I’m a water person. I love being near the beach, on a boat, by a creek, you name it. People find that being near moving water is really relaxing, and I couldn’t agree more. The sound of a creek meandering around rocks, the gentle turnover of waves on a beach, or the sound of a boat rocking over the water… I don’t really know of anyone that doesn’t get enjoyment out of this.
It very well could be the fact that moving water rarely goes stagnant and people like to absorb the energy from this. Moving water is doing exactly that — it’s in motion, on its way somewhere. That same inherent drive lies within people, which is why it seems people get so uncomfortable in “dead-end” jobs, relationships, and situations. If you aren’t moving, you aren’t changing your perspective. If you aren’t changing your perspective, you’re likely not growing as a person… which leads to a pause in all of the lessons you’re learning.
At some point in their life, no matter the scale, everyone will face a situation where they either see a need for change coming around the bend and adapt, or they will be put in a situation so desperately uncomfortable that they have no choice but to change their situation. I see it in my own life to an extent, maybe more than I’d like to admit. I’m a creature of habit, but I reluctantly force myself to do things that I know are necessary, knowing that sooner is better than later. I also see it in others’ lives — people that are close to me. The hardest thing to watch is someone with their feet planted firmly, not wanting to budge. Their world could be crumbling, but their “breakthrough” lesson of letting go has yet to happen. The biggest part of lessons like these are that they need to come from within — you have to feel so uncomfortable within your situation and your state of mind that you feel there’s no other choice but to take action.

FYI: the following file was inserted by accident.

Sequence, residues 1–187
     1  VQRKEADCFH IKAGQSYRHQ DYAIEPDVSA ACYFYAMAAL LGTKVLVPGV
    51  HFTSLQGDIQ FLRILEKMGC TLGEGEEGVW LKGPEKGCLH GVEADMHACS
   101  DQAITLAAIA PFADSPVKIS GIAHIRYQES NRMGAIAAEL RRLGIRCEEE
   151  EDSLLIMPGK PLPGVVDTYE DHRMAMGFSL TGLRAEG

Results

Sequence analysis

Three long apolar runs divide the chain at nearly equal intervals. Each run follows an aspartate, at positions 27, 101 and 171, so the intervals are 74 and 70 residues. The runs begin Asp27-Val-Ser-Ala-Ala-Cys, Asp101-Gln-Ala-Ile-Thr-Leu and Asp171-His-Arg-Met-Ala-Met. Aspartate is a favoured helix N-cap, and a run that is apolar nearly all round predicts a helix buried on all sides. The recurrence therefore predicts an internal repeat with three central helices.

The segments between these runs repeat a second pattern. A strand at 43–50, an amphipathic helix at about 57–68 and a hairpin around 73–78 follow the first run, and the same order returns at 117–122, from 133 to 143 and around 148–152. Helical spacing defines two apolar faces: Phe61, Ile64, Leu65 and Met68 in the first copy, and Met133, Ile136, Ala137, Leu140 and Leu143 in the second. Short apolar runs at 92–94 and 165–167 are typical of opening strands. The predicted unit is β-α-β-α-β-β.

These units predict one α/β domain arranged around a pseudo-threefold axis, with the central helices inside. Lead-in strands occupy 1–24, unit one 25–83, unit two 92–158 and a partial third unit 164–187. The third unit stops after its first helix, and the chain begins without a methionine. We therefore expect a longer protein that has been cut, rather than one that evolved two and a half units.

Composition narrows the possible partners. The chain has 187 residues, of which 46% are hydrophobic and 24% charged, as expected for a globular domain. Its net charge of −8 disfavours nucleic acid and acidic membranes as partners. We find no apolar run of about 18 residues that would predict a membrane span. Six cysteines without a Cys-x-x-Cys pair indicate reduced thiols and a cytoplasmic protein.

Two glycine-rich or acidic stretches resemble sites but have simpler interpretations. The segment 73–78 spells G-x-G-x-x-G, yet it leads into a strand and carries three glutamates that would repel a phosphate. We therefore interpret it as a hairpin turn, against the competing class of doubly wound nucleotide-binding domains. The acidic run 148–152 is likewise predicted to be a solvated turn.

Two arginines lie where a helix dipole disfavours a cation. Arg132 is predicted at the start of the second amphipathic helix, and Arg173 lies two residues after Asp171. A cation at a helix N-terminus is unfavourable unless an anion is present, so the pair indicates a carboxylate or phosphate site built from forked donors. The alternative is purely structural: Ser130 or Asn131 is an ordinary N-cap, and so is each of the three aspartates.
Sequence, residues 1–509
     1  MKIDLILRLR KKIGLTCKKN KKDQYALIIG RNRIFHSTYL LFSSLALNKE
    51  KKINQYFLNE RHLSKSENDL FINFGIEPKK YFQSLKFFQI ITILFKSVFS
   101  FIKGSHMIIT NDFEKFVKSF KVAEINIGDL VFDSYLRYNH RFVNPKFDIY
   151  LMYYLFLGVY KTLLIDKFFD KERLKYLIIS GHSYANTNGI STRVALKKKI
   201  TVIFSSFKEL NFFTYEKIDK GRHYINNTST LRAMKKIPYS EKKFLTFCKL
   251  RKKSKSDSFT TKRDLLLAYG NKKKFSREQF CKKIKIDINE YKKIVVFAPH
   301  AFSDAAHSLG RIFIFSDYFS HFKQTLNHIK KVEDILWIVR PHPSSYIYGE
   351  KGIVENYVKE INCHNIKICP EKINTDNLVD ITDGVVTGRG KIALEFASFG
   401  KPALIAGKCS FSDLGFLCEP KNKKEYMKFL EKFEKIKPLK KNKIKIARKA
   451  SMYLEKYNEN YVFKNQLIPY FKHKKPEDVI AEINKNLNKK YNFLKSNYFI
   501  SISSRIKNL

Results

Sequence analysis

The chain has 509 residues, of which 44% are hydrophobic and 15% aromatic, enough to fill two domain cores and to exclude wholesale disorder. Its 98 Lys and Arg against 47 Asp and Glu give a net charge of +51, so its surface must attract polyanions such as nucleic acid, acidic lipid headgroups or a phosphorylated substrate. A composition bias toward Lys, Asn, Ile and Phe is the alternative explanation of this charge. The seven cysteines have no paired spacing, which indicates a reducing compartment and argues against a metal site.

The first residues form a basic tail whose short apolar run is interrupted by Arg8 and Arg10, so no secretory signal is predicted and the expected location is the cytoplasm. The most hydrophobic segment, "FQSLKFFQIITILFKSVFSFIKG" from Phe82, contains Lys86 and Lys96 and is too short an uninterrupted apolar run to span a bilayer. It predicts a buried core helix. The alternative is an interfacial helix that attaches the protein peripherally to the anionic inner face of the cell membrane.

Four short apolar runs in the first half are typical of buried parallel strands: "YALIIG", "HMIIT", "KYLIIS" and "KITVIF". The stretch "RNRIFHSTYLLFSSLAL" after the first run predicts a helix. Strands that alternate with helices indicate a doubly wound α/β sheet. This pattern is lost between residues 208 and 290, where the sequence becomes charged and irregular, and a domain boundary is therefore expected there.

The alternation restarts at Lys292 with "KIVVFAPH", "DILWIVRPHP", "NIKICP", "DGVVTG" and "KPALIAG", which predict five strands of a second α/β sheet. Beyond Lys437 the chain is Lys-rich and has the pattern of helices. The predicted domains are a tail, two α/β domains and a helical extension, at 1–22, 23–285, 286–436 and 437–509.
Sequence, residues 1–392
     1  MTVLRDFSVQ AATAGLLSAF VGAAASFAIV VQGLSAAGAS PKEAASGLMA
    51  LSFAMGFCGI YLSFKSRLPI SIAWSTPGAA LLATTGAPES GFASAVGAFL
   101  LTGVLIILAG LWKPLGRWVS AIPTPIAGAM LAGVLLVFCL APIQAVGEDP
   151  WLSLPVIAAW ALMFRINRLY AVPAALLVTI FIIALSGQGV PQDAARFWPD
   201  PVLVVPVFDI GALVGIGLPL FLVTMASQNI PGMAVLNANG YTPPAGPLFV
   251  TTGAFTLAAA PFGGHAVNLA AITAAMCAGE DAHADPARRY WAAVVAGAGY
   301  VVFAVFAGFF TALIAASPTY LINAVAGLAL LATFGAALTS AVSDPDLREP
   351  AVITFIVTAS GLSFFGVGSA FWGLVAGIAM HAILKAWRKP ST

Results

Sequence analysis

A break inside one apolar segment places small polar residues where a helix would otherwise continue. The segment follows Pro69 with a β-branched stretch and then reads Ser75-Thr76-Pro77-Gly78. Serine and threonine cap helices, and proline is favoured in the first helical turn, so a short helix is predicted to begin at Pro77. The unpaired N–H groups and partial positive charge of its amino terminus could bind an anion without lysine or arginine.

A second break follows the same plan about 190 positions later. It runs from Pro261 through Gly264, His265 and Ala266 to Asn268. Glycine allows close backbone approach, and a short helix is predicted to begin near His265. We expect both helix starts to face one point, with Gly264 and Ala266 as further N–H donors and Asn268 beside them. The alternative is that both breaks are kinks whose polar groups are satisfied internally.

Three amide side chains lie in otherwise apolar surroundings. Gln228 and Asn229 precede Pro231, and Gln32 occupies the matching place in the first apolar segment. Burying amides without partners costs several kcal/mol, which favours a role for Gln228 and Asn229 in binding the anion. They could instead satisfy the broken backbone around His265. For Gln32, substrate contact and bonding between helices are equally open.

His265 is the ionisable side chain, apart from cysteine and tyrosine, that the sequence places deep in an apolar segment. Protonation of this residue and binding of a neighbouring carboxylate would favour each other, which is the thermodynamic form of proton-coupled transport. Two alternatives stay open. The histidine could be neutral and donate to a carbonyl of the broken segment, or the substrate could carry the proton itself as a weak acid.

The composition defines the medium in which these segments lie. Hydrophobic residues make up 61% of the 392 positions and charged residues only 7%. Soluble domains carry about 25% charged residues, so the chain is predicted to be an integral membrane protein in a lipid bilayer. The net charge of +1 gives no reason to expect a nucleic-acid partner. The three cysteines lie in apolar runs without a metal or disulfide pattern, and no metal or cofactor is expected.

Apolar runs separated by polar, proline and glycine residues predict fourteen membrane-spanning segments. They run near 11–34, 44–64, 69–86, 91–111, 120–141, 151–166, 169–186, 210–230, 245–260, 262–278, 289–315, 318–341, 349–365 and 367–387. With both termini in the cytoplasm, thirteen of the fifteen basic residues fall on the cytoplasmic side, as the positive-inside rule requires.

Some people are much more urgent — others take a bit longer to react, and to feel comfortable with being uncomfortable. It’s a process, but as with everything, you take it step by step. If you are always changing, you will always end up downstream where you’re supposed to… much like moving water.
With this monologue about water and its likeness to us… comes a delicious dish of the sea. Or… the creek, rather. There’s something about brining and smoking a fish over a nice low heat until it’s got that rich, delicious flavor. If you don’t have the time for that, I recommend visiting your local grocer to find some sustainably-sourced t
rout fillets, already smoked (much quicker!). As for the other yogurt, feel free to use a a brand/type of your choice — I like this Almond Yogurt because it cl
osely resembles the tartness and thickness of regular dairy Greek yogurt, but feel free to experiment and use what you’d like. This dish is
a perfect appetizer for a party!
Paleo Smoked Trout Dip
- 16 oz boneless, skinless smoked trout fillets
- 1 tbsp fresh chives, chopped
- 1 tsp fresh parsley, chopped
- ½ cup Greek style, plain dairy-free yogurt (can use regular Greek yogurt if not paleo)
- 1 tbsp Coconaise mayo
- Juice from half of a lemon
- 1/2 tsp paprika
- 1/2 tsp old bay
- 1/2 tsp of preferred sweetener, such as honey, maple syrup or agave (do not use stevia!)
- optional: salt and pepper to taste**
- On a plastic cutting board, loosely chop the trout fillets, ensuring larger chunks aren’t left behind.
- Add trout to a medium sized bowl. Mix in yogurt and mayo — gently stir until thoroughly mixed.
- Add in spices and herbs, and continue to stir.
**At this point – I do a taste-check prior to adding any further salt or pepper — I find that I didn’t need it. When making this recipe, I added Old Bay first, which I knew would add to the saltiness of the smoked trout, but I wanted the Old Bay flavor. The lemon wasn’t enough to cut it alone, so I added a smidge of honey to balance it out. You can add additional yogurt, 1 tbsp at a time, until you get the desired taste.
- Lastly, add the lemon, then your sweetener, stirring the flavors together. Serve, and enjoy!